“Past is Present” in Action: Merinda Davis

Mon, 05/04/2015 - 5:00pm

This year-long series will catch up with teachers and staff who participated in the Auschwitz: The Past is Present professional development program led by USC Shoah Foundation and Discovery Education to commemorate the 70th anniversary of the liberation of Auschwitz. The program brought 25 teachers from around the world to Warsaw and Krakow from Jan. 23-28, 2015, where they toured museums and historical sites, learned how to incorporate testimony into their teaching, and attended the official commemoration at Auschwitz-Birkenau State Museum. In “Past is Present” in Action, the participants reflect on the program and share how it has influenced their work.












(Merinda Davis, far right, with Holocaust survivor Paula Lebovics, center, and teachers at Auschwitz: The Past is Present)

During his speech at the Auschwitz-Birkenau State Museum’s commemoration of the 70th anniversary of the liberation of Auschwitz, Holocaust survivor Roman Kent made an impassioned plea for tolerance and peace. “Hate is never right and love is never wrong,” he said. “[Survivors] don’t want our past to be our children’s future.”

Merinda Davis was so inspired by Kent that upon returning home from Auschwitz: The Past is Present, she developed a lesson that has inspired her students to live by his words, and feels that her teaching has been changed forever.

Davis, a social studies teacher at Lakeridge Junior High School in Orem, Utah, has given presentations at her school and in her community about her Past is Present experience. Many adults who attended said they learned something new from her lessons and stories about the history of the Holocaust and her trip to Poland.

Sharing her experiences with her students has been “transformative,” for them, she said. The Holocaust is not part of her curriculum and many of them didn’t know anything about it. Since Past is Present, Davis has weaved her experiences in Poland into her lessons and showed pictures and videos of survivors. In class discussions, students expressed their surprise and consternation that the events of the Holocaust occurred.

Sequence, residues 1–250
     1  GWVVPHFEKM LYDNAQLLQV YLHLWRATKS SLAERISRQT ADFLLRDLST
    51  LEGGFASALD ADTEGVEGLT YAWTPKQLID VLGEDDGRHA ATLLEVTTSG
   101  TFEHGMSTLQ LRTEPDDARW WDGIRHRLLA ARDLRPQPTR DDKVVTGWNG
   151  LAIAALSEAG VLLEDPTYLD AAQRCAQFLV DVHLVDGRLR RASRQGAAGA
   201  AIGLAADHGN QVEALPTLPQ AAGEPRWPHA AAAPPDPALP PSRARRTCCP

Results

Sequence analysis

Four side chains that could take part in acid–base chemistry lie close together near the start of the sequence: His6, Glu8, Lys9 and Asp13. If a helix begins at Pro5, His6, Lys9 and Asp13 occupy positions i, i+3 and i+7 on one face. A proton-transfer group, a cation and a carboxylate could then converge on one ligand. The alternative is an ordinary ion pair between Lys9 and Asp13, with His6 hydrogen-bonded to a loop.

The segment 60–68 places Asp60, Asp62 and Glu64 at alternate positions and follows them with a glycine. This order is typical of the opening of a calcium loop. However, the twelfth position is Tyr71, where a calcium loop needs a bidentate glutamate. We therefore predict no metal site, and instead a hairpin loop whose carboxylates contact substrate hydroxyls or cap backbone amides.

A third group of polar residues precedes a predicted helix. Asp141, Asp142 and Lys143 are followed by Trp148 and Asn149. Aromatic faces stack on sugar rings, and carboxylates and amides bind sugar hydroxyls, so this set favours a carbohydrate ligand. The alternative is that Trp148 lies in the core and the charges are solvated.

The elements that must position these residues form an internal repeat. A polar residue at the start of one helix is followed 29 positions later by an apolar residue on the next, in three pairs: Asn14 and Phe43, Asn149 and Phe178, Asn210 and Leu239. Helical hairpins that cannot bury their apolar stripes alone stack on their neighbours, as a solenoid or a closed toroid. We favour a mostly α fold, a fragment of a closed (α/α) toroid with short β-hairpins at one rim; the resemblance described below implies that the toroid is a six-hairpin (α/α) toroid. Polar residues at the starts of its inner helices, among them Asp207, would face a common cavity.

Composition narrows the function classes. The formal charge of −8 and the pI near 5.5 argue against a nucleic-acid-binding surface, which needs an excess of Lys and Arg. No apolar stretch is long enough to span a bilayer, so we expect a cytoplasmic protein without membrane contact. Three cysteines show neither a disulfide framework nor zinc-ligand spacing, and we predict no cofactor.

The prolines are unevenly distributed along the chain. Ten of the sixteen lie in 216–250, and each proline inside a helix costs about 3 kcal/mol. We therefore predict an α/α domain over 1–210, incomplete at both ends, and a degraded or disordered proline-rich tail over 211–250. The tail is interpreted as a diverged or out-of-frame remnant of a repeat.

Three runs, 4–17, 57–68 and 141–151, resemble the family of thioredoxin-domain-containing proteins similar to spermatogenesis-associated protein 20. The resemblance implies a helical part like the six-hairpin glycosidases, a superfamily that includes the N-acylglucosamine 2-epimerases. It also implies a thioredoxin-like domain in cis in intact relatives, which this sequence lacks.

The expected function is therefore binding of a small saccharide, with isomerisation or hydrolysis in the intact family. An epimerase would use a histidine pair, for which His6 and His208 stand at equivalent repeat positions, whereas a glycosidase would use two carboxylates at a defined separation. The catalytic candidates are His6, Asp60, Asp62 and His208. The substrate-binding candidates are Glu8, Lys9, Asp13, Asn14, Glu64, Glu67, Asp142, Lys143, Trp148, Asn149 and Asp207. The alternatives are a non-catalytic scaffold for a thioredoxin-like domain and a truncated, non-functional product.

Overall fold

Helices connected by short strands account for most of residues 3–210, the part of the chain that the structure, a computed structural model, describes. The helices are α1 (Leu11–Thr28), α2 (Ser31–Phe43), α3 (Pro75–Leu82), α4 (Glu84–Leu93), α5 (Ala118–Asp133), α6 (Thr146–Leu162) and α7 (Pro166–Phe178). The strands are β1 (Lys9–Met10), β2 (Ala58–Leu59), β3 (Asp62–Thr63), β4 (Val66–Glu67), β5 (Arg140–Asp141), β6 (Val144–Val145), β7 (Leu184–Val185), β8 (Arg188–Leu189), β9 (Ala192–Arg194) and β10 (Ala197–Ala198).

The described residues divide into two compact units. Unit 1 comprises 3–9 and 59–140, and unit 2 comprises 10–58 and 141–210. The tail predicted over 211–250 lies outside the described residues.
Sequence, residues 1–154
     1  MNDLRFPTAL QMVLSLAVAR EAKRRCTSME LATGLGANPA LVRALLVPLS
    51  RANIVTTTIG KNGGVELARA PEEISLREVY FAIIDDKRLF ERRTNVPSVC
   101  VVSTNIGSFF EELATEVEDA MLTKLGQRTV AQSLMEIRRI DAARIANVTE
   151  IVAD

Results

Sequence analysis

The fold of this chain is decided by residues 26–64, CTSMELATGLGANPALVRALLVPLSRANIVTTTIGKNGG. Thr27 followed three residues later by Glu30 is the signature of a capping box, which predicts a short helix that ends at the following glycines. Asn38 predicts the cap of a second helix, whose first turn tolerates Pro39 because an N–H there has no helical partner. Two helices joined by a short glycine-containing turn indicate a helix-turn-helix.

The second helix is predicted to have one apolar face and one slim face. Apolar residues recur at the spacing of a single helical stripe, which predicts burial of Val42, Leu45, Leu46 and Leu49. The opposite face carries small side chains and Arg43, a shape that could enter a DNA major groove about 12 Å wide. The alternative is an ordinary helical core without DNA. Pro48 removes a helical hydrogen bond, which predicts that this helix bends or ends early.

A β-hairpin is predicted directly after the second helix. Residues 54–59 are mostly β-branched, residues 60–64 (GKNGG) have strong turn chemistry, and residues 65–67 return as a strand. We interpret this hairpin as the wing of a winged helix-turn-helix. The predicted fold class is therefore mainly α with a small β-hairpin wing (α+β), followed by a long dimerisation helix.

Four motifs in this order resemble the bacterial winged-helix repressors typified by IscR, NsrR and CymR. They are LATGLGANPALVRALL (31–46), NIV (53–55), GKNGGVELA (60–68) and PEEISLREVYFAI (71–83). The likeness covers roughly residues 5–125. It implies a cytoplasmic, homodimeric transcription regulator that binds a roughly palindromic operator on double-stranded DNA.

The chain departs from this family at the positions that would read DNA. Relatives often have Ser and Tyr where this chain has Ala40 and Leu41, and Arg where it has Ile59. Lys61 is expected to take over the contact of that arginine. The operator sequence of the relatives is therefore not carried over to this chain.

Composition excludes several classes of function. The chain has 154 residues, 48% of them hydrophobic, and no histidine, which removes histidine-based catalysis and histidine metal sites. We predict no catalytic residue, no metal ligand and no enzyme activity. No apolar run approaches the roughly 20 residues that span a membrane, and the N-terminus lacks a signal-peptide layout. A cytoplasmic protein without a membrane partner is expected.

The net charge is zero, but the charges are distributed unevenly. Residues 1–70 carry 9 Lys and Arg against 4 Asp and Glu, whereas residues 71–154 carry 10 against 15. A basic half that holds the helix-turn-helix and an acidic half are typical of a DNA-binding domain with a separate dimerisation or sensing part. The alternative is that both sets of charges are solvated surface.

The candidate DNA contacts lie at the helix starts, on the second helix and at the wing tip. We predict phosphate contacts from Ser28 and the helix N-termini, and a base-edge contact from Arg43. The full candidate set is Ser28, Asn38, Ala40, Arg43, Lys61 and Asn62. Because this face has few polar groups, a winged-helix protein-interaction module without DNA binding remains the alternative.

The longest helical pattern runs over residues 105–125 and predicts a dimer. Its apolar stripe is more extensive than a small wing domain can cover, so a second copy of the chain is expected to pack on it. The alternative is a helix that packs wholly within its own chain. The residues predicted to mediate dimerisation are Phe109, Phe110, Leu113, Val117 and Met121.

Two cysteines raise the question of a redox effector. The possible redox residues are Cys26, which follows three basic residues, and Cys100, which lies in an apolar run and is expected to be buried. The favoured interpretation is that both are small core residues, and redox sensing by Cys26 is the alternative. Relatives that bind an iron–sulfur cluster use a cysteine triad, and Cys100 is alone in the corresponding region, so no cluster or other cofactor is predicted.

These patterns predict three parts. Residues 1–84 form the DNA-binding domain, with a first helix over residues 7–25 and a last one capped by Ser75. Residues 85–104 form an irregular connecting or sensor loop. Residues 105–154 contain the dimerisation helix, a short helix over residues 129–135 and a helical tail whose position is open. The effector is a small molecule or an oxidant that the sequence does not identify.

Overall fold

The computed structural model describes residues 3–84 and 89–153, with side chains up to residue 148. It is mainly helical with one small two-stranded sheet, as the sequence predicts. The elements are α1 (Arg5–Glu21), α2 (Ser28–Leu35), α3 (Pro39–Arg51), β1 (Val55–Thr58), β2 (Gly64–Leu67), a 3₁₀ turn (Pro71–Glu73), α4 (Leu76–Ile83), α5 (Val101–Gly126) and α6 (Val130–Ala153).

“Although we talked about what happened, we focused on the cause and how we can apply those lessons today,” Davis said. “We discussed how small seeds of prejudice can grow into something truly horrifying.”

After hearing Roman Kent speak at the commemoration, Davis knew she wanted her students to watch his speech as well. After they had watched it and talked about what it meant to them, Davis asked them to think of what they can do to fulfill his vision for the future. They also watched the movie Gandhi and talked about how it relates to Kent’s speech. Students began coming up with a wide variety of ideas – “as unique as the students themselves,” Davis said.

One student decided to write kind notes on index cards and hide them in books in the library for people to find. Another sent 25 text messages to friends and family telling them how important they are, and said after, “I learned that everyone needs a little love no matter who they are, and the community as a whole should express more kindness and peace towards their peers.”

One student even taught a lesson on tolerance and avoiding discrimination to elementary school kids, because “I wanted to leave an impact on people younger than me. My generation and the generations following mine are responsible for the future moral values of society, so I thought it would be important to reinforce ideas about tolerance and peace to kids at a young age.”

Davis intends to continue the “Roman Kent Peace Project” in the coming years and hopes to involve more schools in the project. She will also get more of her students to enter the IWitness Video Challenge next year, and is working with her school to have a Holocaust survivor come and visit.

The concept of resilience continues to resonate with her, Davis said – “the survivors, their stories, the historical sites and the resilience of spirit that we, as teachers, continue to pass on to the future generations.” Now, she is more focused on teaching not just the content of her curriculum, but also the values that will be with her students for a lifetime.

“Although I have studied the Holocaust, both formally and informally, for more than half of my life nothing prepared me for the impact that this experience had,” Davis said. “It was more poignant than any other experience in that for the first time I was standing in places with those who lived to tell the stories of those places.”